Friday, July 31, 2009
As Chris Dodd and his cronies have massed on the ridge, prepared to mow down the reckless "culture of greed" that got us into this recession mess, few have ventured to champion the industry that increasingly fed the coffers of New York. Privately, though, those responsible for keeping the lights burning on Fifth Avenue and for shoveling up after the mounted police have watched in horror at the meltdown of investment banking profitability. Consider that fully 20% of New York State tax revenues and 12% of the city's income stemmed from the securities industry. Governor Paterson has noted that Wall Street has "bailed us out for a number of years" while state legislators spent beyond their means. Baldly put, New York thrives on a healthy Wall Street.It is as if "this is the way it has always been, and this is the way that it shall always be".
Not only are banking profits essential to the well being of New York, those pesky bonuses play a vital role as well. Wall Street payouts peaked at more than $30 billion in 2006, generating billions in revenues for New York, New Jersey and - yes! - even Chris Dodd's home state of Connecticut. Not only did those banking employees trundle home with mountains of bacon, but they were joined by legions of hedge fund and private equity types who also cashed in big time in recent years. Last year's drop in banking bonuses cost New York State almost $1 billion in tax revenues, while the city saw $275 million go up in smoke.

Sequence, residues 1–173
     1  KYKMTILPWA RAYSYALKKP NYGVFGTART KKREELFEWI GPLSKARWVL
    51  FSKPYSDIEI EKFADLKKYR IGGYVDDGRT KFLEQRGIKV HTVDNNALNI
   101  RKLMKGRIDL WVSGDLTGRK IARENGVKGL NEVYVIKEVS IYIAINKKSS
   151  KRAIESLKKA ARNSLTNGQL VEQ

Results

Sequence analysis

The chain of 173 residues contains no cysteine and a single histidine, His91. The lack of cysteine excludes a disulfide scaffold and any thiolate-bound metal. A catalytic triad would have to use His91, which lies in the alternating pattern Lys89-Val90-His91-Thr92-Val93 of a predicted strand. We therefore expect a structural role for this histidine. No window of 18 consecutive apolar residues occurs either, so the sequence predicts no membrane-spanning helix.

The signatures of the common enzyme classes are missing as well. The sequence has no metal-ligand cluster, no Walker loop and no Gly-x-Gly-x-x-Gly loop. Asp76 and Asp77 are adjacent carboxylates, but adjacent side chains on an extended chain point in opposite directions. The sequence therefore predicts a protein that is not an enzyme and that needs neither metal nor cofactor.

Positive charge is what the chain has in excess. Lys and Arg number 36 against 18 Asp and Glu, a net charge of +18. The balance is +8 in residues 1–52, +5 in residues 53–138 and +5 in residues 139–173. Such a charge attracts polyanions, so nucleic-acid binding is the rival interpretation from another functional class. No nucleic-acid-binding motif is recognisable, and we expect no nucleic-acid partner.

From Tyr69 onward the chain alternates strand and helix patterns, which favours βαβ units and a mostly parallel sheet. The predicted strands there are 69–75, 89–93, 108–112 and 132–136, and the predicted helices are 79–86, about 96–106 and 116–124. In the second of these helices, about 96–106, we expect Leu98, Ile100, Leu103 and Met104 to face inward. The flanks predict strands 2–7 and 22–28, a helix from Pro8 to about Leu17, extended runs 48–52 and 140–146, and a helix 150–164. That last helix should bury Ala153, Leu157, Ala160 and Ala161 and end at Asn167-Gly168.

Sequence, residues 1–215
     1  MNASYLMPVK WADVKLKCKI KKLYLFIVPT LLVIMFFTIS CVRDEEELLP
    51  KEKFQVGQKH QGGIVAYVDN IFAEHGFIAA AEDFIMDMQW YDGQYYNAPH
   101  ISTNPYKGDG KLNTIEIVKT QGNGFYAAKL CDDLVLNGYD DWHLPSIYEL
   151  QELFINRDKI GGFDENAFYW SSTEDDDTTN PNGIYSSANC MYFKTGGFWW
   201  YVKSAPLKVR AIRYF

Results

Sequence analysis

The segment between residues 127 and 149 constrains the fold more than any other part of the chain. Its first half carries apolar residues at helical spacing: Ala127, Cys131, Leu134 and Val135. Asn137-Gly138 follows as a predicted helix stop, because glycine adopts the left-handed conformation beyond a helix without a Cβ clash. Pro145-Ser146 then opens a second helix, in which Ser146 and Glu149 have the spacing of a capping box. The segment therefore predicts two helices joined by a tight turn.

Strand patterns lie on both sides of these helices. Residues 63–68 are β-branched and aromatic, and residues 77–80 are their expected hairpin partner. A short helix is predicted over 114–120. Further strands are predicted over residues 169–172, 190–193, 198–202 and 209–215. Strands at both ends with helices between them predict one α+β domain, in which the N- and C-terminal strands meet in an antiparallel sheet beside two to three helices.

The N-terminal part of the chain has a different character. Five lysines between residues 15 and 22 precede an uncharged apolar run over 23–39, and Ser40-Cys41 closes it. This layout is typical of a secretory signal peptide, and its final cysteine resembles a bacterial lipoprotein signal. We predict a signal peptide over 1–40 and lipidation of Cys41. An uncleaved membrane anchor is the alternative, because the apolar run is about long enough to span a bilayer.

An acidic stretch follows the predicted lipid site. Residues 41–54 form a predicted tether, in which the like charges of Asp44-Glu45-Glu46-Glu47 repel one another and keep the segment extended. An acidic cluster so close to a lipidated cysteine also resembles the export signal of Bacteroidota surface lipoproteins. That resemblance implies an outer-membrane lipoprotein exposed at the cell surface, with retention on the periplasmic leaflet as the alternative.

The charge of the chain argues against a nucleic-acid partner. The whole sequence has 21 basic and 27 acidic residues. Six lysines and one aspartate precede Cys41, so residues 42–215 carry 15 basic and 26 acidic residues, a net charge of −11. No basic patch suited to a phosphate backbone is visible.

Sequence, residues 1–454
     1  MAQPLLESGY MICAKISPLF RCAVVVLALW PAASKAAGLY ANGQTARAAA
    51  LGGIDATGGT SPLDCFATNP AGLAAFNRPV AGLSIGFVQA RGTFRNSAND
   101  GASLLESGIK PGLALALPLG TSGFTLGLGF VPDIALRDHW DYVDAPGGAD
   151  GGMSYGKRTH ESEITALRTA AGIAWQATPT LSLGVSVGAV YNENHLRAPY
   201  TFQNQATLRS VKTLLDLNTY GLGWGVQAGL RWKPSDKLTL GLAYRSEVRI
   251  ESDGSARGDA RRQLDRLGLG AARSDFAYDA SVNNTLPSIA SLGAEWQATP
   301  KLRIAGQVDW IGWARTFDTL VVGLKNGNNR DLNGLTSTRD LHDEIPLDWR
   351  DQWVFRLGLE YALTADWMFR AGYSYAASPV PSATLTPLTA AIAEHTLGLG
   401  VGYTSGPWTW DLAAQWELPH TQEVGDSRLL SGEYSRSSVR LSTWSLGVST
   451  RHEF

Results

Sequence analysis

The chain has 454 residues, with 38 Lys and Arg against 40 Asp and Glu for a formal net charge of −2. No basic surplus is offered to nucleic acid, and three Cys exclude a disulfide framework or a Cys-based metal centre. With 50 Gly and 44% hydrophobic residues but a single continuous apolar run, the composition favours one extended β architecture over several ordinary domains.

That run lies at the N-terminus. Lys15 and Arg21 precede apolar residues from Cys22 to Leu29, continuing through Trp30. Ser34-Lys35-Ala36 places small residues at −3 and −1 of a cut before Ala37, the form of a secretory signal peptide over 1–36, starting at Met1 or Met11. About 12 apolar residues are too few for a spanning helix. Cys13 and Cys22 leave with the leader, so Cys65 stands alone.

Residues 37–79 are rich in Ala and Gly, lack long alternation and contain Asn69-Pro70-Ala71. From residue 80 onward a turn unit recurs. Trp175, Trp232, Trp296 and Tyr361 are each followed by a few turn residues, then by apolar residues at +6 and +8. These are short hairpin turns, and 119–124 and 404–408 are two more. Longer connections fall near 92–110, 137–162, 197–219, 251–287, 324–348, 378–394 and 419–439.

The notion of fundamental changes to our finance-based economy, an economy that is clearly unsustainable, are not even on the radar screen.